The Financial Services Skills Council needs to shoulder more responsibility for the coming exam regime if it wants reforms to be a success, says the Association of IFAs.
In a response to the Skills Council's consultation paper on "Assuring the Quality of Appropriate Examinations", AIFA says it believes the Council's responsibilities relating to the examination framework should be widened.
Furthermore, AIFA says it will not feel confident the new framework can deliver a system - encouraging professionalism in the industry, which will ultimately be of real benefit to consumers - until the FSSC does so.
The association's main concern is the Financial Services Skills Council has neither assumed responsibility for setting the level of examinations nor suggested what minimum qualifications would be appropriate for specific advisory roles.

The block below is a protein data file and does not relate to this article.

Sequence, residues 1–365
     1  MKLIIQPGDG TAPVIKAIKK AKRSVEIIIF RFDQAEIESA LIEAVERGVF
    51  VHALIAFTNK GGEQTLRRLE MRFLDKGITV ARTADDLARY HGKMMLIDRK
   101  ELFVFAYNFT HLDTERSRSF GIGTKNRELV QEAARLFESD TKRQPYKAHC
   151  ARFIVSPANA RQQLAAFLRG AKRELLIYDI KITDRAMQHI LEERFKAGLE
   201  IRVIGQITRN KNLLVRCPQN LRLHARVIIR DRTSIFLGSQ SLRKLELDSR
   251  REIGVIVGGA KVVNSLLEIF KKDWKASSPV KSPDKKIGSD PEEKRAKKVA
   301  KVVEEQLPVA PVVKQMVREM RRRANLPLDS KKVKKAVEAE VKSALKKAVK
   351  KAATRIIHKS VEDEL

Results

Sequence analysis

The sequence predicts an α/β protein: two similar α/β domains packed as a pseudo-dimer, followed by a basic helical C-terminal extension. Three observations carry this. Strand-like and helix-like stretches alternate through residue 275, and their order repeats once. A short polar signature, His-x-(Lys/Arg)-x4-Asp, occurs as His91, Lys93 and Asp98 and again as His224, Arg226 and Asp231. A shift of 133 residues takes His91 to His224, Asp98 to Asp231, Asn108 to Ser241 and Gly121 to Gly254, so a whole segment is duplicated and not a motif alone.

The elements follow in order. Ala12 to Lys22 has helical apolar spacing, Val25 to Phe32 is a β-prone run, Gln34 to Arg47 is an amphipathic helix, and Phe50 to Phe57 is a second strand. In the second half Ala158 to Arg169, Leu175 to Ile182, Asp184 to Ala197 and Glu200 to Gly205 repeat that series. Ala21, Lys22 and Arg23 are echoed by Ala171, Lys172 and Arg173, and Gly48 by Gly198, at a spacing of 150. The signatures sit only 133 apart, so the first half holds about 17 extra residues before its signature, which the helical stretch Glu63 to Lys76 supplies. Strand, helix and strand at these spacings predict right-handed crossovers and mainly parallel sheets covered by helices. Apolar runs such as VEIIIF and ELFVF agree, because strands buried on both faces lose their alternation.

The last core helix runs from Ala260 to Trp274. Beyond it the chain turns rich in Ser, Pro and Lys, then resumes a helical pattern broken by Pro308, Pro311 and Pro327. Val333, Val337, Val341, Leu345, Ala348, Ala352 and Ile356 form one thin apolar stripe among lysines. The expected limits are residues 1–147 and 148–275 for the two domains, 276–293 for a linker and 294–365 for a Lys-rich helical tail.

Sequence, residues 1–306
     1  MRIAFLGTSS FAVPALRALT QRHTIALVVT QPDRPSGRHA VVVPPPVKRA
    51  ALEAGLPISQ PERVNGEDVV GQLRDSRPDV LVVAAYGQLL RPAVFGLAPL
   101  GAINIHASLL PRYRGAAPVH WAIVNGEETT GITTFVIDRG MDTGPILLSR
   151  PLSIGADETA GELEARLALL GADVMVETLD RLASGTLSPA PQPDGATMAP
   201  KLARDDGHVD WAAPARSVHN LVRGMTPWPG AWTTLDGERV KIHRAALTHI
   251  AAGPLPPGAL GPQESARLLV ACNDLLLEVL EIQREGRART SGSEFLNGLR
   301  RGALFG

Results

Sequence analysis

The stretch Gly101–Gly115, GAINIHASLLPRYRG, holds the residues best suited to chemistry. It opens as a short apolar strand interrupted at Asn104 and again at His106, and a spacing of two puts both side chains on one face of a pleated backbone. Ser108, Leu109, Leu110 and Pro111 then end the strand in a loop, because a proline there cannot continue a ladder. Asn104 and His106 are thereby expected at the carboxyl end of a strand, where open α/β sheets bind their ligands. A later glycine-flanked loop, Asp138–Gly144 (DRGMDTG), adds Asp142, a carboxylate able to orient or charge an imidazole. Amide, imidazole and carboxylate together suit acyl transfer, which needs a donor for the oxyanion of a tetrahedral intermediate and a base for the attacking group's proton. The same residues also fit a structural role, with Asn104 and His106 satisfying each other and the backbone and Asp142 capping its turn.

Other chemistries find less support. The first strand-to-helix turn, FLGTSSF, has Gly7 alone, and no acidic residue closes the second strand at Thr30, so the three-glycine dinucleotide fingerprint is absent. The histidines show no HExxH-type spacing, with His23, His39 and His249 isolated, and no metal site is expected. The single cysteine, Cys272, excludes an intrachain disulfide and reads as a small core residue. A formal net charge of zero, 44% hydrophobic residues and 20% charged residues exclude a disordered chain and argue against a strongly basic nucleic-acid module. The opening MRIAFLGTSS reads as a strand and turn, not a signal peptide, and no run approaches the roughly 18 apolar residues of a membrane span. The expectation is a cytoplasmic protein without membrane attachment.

Responsibilities are currently divided between the Skills Council, the Qualifications and Curriculum Authority (QCA) and different awarding bodies.
However, AIFA is concerned the QCA does not have enough knowledge of the industry and requirements to be "best placed to judge".
Paul Smee, AIFA’s director general, says: "We believe the Skills Council is on the right track, but its responsibilities need to be clarified and, in our view, broadened. There are still many questions about the proposed framework which lack satisfactory answers."
"We accept the urgent need for a swift and satisfactory conclusion to this review and we are keen to continue working with the Skills Council to achieve an examination framework that the industry needs and wants."
AIFA feels greater responsibility on the part of the FSSC would ensure:
- minimum exam requirements - to give investment advice - are clearly defined;
- standards deliver a qualification which is set at a level at least equivalent to the current FPC;
- methods of assessment are robust;
- there is a consistent approach to qualifications;
- qualifications are clearly recognisable by both industry and consumers, and
- qualifications are readily portable from one company to another.
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